Re: The Journal of Norinko HanasakiA Continuing Series Compiled by Anthony Servante
from Research and Anonymous Sources
Sent in by Tom Thumb (nom de plume for the anonymous journalist for the Los Angeles Free Press 1967). This is a paraphrase of the article originally turned down by the LA Free Press because it wasn’t political enough, according to the writer.
[Start of Email]
To Anthony Servante
From Tom Thumb
Re The article I wrote for the L.A. Free Press in 1967. It was turned down for publication because I was told that it opened old wounds and could be used against the paper. I put this together from my notes. I have a theory you may be interested in. Please contact me at my email above after you've read the article that I tried to piece together as best I could. The L.A. Free Press editor [name not given] kept the original. Please do not share my email address with anyone. I've been feeling uneasy since I read your other emails on the disappearance of Norinko Hanasaki. I think we're both opening wounds now. But the public needs to know.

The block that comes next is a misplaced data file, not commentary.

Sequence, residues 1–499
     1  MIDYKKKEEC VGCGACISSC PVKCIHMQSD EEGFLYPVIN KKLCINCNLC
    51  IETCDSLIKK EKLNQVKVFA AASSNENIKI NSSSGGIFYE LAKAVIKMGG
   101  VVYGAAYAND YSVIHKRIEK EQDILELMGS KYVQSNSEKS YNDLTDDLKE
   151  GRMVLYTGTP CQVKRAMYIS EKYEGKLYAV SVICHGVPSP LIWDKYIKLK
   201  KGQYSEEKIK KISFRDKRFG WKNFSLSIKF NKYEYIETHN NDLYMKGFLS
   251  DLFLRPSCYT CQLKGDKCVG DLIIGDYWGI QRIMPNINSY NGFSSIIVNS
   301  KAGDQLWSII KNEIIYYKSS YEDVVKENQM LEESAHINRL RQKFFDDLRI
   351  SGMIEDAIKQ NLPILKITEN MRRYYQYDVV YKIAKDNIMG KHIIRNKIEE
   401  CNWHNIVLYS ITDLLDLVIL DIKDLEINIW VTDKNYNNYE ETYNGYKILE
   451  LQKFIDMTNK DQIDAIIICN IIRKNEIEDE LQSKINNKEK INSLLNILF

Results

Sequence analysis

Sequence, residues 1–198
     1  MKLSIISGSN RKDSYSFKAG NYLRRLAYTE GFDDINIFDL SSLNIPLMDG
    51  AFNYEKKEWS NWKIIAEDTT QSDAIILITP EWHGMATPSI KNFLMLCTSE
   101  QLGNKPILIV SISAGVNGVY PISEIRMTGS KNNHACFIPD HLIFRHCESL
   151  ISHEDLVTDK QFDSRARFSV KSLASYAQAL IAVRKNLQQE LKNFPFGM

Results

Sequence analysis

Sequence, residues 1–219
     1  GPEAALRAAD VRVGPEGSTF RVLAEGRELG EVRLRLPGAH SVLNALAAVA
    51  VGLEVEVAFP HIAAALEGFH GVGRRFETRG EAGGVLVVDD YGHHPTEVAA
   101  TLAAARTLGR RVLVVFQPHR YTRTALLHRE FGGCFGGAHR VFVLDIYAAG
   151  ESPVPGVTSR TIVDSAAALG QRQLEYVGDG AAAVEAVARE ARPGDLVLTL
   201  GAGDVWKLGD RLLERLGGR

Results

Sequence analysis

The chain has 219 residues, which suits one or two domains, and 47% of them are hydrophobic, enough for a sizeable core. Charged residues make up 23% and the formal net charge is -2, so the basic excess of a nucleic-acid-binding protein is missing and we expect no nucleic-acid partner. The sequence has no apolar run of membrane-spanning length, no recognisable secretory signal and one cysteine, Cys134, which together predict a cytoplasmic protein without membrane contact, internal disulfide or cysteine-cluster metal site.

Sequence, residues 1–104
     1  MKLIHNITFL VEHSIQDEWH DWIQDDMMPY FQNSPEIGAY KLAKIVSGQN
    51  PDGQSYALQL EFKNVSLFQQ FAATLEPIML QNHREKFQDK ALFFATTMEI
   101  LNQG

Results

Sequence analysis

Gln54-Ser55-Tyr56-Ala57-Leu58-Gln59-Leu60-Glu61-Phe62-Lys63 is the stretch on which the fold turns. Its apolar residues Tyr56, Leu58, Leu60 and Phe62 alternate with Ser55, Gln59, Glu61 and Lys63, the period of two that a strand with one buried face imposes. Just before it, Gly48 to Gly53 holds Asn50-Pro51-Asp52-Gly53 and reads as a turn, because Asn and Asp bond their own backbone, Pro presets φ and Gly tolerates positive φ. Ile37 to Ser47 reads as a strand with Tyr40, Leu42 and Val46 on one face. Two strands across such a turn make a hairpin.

[Photos included by A. Servante for visual accuracy. Corrections are welcome].
Wasp Newspaper Editorial Cartoon
Depicting the Tyrannical Expansion of the Southern Pacific Railroad
Originally constructed as a train tunnel by Southern Pacific Railroad (SPR), the structure promised the train passengers a surprising view of the
Pacific Ocean as the train exited the
western end of the tunnel. Five years before the building of the tunnel, the
railroad company was buying and selling land along the route passing through
(as it was known then). The settlers of the Fresno County Fresno land known as the Mussel Slough (MS) territory felt the railroad was trying to cheat them when the prices for land
were raised arbitrarily by the SPR. Since the government had awarded the
settlers with the MS land, they wished only to buy more land from the SPR to
expand their ranches and farms, especially in light of the new train route expansion bringing more commercial potential for the landowners. Instead, the SPR began to purchase as much land as possible from the settlers who would sell to gain a stronghold on the property and force
the settlers out. The railroad men turned to drastic measures to get what they wanted from the land owners.